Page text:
The Canadian Federation of Independent Business is backing a Quebec restaurant owner’s long fight for financial compensation from the Quebec and federal revenue agencies for being improperly accused of failing to report income.
“When tax authorities make a mistake of this magnitude, it puts a huge financial strain on the business owner, causes them personal stress, hurts their reputation and sometimes leads to the permanent closure or winding down of the business,” said the CFIB’s Corinne Pohlmann.
“We urge the Supreme Court to do the right thing and review the Relais decision by the Quebec Court of Appeal.”
In 2003, Revenue Quebec began a tax audit of Le Relais de Saint-Jean, a restaurant in Saint-Jean-sur-Richelieu just south of Montréal, and incorrectly concluded in 2004 that the eatery had not reported $1 million in sales. By late 2004 that amount had been reduced to $500,000.
Revenue Quebec and CRA both conduct tax audits of businesses in Quebec.
Owner Gary Chionis and his wife Isabelle Desbiens denied failing to report the $500,000 in revenue but said they were told to start repaying the debt in increments of $6,000 a month. Failing to make the payments, they were told, would result in seizure of their assets and bank accounts.
Chionis said he hired accountants and lawyers to fight the audit findings. He said he borrowed against his home, business and investment properties in an effort to stay open while making the payments and funding the legal battle.
That battle was won in 2012 when a tax court in Quebec ruled that the method used to determine a failure to report revenue was flawed. The CRA and Revenue Quebec were ordered to refund all of the money Chionis had paid.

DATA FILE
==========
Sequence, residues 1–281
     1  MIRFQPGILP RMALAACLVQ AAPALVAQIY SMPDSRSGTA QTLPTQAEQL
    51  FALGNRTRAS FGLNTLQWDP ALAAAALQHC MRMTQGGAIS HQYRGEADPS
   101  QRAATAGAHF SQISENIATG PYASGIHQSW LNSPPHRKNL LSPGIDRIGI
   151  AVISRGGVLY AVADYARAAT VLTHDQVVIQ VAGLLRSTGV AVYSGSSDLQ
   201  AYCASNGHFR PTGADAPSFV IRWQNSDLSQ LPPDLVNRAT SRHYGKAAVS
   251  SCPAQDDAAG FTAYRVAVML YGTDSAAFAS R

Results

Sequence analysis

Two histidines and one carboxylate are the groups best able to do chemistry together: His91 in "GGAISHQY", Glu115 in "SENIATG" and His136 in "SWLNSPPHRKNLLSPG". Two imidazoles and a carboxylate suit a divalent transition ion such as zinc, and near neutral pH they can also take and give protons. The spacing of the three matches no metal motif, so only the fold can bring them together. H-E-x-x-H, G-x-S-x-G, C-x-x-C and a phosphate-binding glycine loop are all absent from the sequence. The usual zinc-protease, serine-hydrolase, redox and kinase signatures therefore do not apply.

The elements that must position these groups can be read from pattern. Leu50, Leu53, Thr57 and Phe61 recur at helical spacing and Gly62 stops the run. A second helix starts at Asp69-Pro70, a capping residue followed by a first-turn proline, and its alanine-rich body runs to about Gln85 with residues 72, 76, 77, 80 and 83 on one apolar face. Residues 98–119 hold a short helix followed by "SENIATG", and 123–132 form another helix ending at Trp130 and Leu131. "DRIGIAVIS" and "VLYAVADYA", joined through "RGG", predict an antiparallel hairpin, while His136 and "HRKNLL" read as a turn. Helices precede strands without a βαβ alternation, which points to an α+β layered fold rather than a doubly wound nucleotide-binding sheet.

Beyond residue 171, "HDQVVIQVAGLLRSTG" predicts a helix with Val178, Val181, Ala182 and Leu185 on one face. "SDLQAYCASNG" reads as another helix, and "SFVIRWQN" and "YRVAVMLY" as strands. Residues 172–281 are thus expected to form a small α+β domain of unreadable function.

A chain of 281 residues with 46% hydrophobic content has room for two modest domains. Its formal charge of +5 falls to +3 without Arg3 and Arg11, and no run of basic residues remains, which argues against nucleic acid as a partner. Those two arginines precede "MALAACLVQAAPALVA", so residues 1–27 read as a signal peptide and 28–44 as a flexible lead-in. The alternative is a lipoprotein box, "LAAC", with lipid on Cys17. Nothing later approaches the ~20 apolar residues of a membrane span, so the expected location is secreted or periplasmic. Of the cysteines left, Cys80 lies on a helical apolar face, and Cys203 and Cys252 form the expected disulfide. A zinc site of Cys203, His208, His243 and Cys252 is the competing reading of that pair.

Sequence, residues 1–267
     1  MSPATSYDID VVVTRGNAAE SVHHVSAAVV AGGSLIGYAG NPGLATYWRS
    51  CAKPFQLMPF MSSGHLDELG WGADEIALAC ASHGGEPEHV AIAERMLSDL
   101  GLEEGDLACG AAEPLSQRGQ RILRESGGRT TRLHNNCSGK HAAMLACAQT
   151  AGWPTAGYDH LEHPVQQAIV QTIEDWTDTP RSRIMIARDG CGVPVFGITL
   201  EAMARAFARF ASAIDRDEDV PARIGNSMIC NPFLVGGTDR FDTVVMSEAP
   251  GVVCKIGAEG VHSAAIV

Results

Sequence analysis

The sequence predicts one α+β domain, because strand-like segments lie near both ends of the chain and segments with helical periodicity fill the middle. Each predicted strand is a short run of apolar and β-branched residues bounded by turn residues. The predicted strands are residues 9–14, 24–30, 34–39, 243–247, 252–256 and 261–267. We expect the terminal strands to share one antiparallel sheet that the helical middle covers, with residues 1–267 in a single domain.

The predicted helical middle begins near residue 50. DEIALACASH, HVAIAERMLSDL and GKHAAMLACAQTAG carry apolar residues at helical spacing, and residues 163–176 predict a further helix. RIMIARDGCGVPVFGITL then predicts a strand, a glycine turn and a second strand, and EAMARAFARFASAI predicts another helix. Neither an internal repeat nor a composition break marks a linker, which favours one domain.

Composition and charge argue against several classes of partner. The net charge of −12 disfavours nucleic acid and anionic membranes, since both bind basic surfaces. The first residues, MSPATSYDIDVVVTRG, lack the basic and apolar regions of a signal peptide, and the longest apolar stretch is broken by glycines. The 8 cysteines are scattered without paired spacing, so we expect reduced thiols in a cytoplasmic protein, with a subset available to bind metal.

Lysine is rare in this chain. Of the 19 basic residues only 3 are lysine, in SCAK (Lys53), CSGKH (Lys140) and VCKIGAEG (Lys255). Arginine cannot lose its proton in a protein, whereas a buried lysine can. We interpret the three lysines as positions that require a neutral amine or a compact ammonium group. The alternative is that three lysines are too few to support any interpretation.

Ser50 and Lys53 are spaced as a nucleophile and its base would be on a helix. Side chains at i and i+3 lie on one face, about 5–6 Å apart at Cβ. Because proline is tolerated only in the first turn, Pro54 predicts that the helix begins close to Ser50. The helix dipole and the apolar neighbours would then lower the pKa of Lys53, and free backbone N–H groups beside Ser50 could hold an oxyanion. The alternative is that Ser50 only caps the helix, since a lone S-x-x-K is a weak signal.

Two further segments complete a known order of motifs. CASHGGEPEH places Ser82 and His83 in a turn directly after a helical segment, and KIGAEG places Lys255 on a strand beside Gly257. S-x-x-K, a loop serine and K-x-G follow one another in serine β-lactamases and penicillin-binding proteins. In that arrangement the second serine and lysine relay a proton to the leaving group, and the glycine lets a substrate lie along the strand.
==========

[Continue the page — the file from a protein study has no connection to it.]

By this point, Chionis said, he was in debt to accountants and lawyers to the tune of $350,000. He launched a lawsuit against both the CRA and Revenue Quebec in 2012 for compensation for his costs and for pain and suffering.
That same year, Chionis said, he had to shut down his business because he could no longer afford to run it. He rented half the space to another business, starting up a small bar in the remaining space.
The lawsuit was not heard at Quebec Superior Court until 2017. Chionis said the court ruled against him, telling him that he should have filed his suit within three years of being told they had not reported revenue in 2004.
That decision was appealed before Quebec’s Court of Appeal in 2019, which overturned the lower court’s decision.
Appealing to the Supreme Court
That decision did not award compensation or costs, however. Chionis said he now hopes the Supreme Court of Canada will hear his case for compensation, which he said would set a precedent making the CRA and RQ liable for mistakes that cause financial harm to individuals or businesses.
“In one way, I feel happy that I managed to get that decision in the appeal court so I could avoid a nightmare like this happening to somebody else. But at the same time, I feel that I’ve been cheated,” Chionis told CBC News.
“There is nothing worse than being accused of anything, and especially something that destroyed my business, destroyed family relationships and destroyed me financially.”
Chionis and his wife were partners in the business with his brother; the stress of the long financial fight, he said, has ruined that relationship.
He told CBC that he estimates he will owe at least $800,000 in legal and accounting fees by the time his case is heard by Canada’s top court. Chionis said he is seeking $5 million in damages for the stress and aggravation the 16-year fight has caused him and his family.
In its affidavit supporting Chionis’ application to the Supreme Court, the CFIB’s Pohlmann said her organization wants to see the case heard because tax agencies in Canada should be held accountable for their mistakes.
“Guidance from the Supreme Court of Canada on this matter can have the effect of reversing the current confrontational culture found in parts of Canada’s tax administration regimes and bring a more collaborative approach to their relations with taxpayers by allowing them to achieve their taxation mission while respecting the realities of independent businesses,” Pohlmann said in the filing.
The CRA said it was unable to respond to CBC’s questions by the time this story was published.